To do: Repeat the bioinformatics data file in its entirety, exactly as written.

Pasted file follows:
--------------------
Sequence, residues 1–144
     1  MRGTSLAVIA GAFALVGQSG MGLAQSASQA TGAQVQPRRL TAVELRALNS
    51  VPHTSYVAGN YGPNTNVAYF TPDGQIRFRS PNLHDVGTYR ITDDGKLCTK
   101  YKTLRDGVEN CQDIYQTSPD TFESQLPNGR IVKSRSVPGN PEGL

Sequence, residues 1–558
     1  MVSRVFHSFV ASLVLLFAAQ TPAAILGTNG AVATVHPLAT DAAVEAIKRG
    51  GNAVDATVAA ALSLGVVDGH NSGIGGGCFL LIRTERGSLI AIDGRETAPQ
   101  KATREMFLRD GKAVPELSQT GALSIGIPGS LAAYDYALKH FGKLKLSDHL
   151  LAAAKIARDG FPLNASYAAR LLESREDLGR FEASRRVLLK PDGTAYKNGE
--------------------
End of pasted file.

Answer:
Sequence, residues 1–144
     1  MRGTSLAVIA GAFALVGQSG MGLAQSASQA TGAQVQPRRL TAVELRALNS
    51  VPHTSYVAGN YGPNTNVAYF TPDGQIRFRS PNLHDVGTYR ITDDGKLCTK
   101  YKTLRDGVEN CQDIYQTSPD TFESQLPNGR IVKSRSVPGN PEGL

Sequence, residues 1–558
     1  MVSRVFHSFV ASLVLLFAAQ TPAAILGTNG AVATVHPLAT DAAVEAIKRG
    51  GNAVDATVAA ALSLGVVDGH NSGIGGGCFL LIRTERGSLI AIDGRETAPQ
   101  KATREMFLRD GKAVPELSQT GALSIGIPGS LAAYDYALKH FGKLKLSDHL
   151  LAAAKIARDG FPLNASYAAR LLESREDLGR FEASRRVLLK PDGTAYKNGE